Discussion in 'General Advocacy Discussions' started by Andy, Dec 21, 2018.
I didn't think that this was very good at all.
I'm not going to pull out all the weaker bits, but thought I'd mention this bit from Shepherd:
I'm not sure about this. Is specialist support really helpful for most patients? I've not seen any evidence of this. Also, there isn't any good evidence of 'boom and bust' behaviour being a particular problem with ME/CFS patients. I think that "specialist advice early on from a physiotherapist or an occupational therapist" can often make things worse rather than being something that patients 'need'.
Oh dear. It's a confusing mix of one person's anecdotes about her own experience, which I would say is not particularly typical, and selective quotes from the MEA which are at times odd:
This sounds too much like GET to me. And some people have no alternative but to stay in bed. As far as I know there's no evidence that 'too much rest' is a real phenomenon in ME, let alone whether it's harmful.
And specialist physios and OT's are not the answer as far as I can see. Their particular fields of expertise are all geared to getting people to do more, rehabilitation etc. I doubt there are many of them in the UK who really understand the needs of pwME. We more often need to be helped to do less in order to stay within their energy envelope. Why not a specialist nurse to help with this? Why a physio or OT?
Anecdote. Not helpful and nonsensical explanation not based on science. I wasted a lot of money on reverse therapy until I came to my senses. It is rubbish. I suspect people who claim it has helped are those who happen to do it at a time when their symptoms are improving naturally anyway and like the feeling that something they have put effort into and paid a lot of money for has helped them. There is no research evidence to support it.
I'm not impressed with Patient, whatever it is, publishing this. I don't blame the writer who is simply doing her best to tell it as she has experienced it and understands it, but the publisher should check the facts before publishing, and not be content to publish an anecdote with a few quotes from the MEA. Nor should they publish it with the misleading heading 'The latest thinking on ME'.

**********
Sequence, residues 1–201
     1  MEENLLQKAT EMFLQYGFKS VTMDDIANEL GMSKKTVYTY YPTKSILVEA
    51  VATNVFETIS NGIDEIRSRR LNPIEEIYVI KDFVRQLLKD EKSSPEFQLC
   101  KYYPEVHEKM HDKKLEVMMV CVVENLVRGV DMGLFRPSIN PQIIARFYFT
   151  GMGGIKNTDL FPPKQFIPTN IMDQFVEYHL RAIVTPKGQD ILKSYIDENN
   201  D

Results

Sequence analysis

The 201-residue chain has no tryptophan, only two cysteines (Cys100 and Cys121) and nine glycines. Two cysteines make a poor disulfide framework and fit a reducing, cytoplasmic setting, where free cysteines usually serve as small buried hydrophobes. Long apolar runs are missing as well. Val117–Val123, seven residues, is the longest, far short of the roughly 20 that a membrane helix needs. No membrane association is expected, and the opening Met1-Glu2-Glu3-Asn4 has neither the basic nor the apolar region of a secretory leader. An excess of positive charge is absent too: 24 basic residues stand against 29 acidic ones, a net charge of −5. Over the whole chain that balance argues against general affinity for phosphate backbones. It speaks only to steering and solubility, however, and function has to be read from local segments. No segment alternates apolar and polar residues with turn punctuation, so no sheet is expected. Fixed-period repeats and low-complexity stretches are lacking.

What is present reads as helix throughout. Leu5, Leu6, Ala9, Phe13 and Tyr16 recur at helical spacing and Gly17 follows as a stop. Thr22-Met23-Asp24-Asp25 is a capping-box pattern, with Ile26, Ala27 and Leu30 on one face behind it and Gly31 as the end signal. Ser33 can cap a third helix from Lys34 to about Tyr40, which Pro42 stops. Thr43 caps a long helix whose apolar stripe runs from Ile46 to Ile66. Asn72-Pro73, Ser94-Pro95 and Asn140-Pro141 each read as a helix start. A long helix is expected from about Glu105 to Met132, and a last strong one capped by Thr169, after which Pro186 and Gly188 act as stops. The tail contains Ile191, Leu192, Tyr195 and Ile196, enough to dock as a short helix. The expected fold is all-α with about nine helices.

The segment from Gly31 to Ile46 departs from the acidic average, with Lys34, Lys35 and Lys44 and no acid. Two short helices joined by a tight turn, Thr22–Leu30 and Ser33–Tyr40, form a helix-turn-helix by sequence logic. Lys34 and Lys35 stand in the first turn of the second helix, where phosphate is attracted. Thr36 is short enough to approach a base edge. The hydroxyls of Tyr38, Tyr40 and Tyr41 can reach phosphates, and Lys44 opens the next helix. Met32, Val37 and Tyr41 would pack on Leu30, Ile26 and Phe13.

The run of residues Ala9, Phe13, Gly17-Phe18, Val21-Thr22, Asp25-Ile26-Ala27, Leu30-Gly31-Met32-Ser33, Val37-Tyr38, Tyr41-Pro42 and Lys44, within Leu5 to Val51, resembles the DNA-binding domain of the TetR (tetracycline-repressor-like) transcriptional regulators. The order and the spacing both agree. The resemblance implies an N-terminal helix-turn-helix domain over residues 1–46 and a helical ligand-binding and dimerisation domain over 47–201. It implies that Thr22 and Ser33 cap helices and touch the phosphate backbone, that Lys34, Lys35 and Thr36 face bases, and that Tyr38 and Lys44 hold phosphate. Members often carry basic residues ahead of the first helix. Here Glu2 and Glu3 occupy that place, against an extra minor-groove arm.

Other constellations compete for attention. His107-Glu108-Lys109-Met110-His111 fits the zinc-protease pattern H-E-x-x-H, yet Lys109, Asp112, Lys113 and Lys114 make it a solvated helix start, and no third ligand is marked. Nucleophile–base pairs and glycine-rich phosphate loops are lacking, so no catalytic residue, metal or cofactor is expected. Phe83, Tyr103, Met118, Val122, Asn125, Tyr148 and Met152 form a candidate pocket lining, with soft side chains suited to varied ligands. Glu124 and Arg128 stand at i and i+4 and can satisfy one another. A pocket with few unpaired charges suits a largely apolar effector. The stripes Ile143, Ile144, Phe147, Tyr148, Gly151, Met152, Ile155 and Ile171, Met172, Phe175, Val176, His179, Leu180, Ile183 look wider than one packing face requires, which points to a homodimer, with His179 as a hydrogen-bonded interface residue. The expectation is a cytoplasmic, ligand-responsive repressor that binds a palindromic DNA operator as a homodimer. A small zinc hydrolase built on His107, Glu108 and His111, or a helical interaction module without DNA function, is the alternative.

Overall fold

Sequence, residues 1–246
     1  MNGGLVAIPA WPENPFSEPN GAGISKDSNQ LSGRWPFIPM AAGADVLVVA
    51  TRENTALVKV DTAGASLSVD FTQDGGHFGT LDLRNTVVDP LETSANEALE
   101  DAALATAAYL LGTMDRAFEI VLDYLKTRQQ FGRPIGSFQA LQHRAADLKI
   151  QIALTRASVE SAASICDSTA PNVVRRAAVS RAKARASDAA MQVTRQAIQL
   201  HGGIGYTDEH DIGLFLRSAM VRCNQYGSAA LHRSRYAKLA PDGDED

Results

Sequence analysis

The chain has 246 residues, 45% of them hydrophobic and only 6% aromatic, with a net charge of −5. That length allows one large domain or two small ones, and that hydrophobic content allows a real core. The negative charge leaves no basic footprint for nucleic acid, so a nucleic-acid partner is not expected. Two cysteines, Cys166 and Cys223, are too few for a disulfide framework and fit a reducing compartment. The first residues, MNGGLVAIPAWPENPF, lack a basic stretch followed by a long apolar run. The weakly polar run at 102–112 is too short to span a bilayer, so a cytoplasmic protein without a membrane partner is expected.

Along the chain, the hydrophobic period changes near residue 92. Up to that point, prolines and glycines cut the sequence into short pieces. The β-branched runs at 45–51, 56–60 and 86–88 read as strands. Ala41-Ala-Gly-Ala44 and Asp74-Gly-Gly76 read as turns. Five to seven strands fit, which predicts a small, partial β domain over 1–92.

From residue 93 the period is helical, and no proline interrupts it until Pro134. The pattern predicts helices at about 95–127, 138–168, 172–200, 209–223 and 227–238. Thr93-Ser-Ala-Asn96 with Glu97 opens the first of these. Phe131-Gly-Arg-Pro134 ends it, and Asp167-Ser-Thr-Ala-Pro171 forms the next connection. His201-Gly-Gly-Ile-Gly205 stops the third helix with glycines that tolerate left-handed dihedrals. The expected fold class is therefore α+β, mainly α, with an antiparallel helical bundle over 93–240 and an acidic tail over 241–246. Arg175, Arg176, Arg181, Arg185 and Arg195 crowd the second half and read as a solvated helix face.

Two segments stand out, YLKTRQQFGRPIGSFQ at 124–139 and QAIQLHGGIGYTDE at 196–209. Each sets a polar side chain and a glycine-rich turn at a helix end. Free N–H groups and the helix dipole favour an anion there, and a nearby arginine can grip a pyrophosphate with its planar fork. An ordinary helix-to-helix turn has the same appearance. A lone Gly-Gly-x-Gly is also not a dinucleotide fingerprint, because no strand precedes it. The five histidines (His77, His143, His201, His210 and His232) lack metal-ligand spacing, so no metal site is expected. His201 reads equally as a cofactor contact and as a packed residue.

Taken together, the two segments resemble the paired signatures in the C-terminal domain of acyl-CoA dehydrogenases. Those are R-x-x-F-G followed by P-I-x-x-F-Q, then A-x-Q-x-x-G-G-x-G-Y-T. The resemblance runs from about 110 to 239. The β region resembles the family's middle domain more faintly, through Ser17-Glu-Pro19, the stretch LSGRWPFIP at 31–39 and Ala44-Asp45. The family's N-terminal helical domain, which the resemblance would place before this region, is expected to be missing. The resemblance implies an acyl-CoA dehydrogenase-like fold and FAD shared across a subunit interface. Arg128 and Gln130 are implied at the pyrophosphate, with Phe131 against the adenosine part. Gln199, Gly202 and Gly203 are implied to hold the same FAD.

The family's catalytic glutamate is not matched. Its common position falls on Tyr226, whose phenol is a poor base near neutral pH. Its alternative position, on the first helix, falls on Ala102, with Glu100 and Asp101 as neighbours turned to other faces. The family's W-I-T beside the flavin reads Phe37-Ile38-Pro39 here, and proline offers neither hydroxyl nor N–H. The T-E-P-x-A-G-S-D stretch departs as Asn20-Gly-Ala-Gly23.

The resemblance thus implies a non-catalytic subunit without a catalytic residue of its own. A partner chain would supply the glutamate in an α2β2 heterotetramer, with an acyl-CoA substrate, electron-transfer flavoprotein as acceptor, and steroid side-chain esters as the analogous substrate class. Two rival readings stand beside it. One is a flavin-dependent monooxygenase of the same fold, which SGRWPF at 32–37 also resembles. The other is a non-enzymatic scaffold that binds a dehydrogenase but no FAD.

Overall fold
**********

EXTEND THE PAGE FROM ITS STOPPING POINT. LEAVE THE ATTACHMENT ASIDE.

I have just been exploring Patient a bit more. It has sections written for doctors. The ME/CFS section was last updated today, so it says.
I've glanced through the treatment section. It seems they are keen on reverse therapy too. I can't understand why.
What does this even mean? It's incomprehensible.
I suspect that she meant the plural, "axes". There is mention in the literature of assessing the symptoms on various different axes, though there never seemed much agreement about what the axes should be.
This I wholeheartedly agree with.
Ditto! This was my case.
More from Sally Turner:
And her blog: www dot sally-turner dot co dot uk
OK, so I haven't read all the article yet. However, I think the latest thinking on ME should be that it is characterized by acitivity induced pain, fatigue, and exacerbation of this diseases's other symptoms such as orthostatic intolerance.
Some, however well intentioned are missing the fact that many symptoms are exacerbated with activity, and fail to note these. ME is not just fatigue with activity.
The bit on autoimmunity is total drivel. As dumbed down as you can get. The ME piece is pretty unhelpful and one wonders why ignorant people who call themselves journalists feel the need to misinform others about things they do not understand themselves. Presumably because they get paid by the advertisers to write stuff.
As far as I can see Patient is a front for a commercial health company - presumably subcontracted to by NHS England. But it says remarkably little on the site that I can find that really tells you what the conflicts of interest are.
I didn’t think the autoimmune stuff could come from the mea. I also am not sure dr Shepherd would have spoken like that about CF. Key things to get the public to understand about ME versus CF, range of distressing symptoms, PEM and severity weren’t highlighted enough or at all. I thought dr Shepherd didn’t explain well enough they they use ME, using language on “going to bed and just staying there “ has to be done carefully as some of us are bedridden without choice and it wasn’t careful, and I agree regarding increasing activity and needing physios which would surely seem to an nhs professional virtually endorsing the current NHS approach. . .?
It’s a garbled mess and no way should she be pushing reverse therapy. It would be good if one of the Drs with ME could write or maybe co-write a proper article which could then be proposed to these sort of web outlets as accurate content.
I was referring to the other article by Sally Turner, who clearly knows nothing herself.
Edited to try to get the tweets in the right order.
I am a bit puzzled - Sally Turner seems to be the patient as well as the author. She has also written garbage about autoimmunity. I am highly suspicious of this set up 'Patient'. It looks like a commercial scam to me. I wouldn't be surprised if they provided 'Reverse Therapy'
Given this paragraph in their section for doctors, I think you may be right.
Sounds like someone is confusing having negative emotions with having ME/CFS and fibromyalgia.
Continuing the conversation:
Separate names with a comma.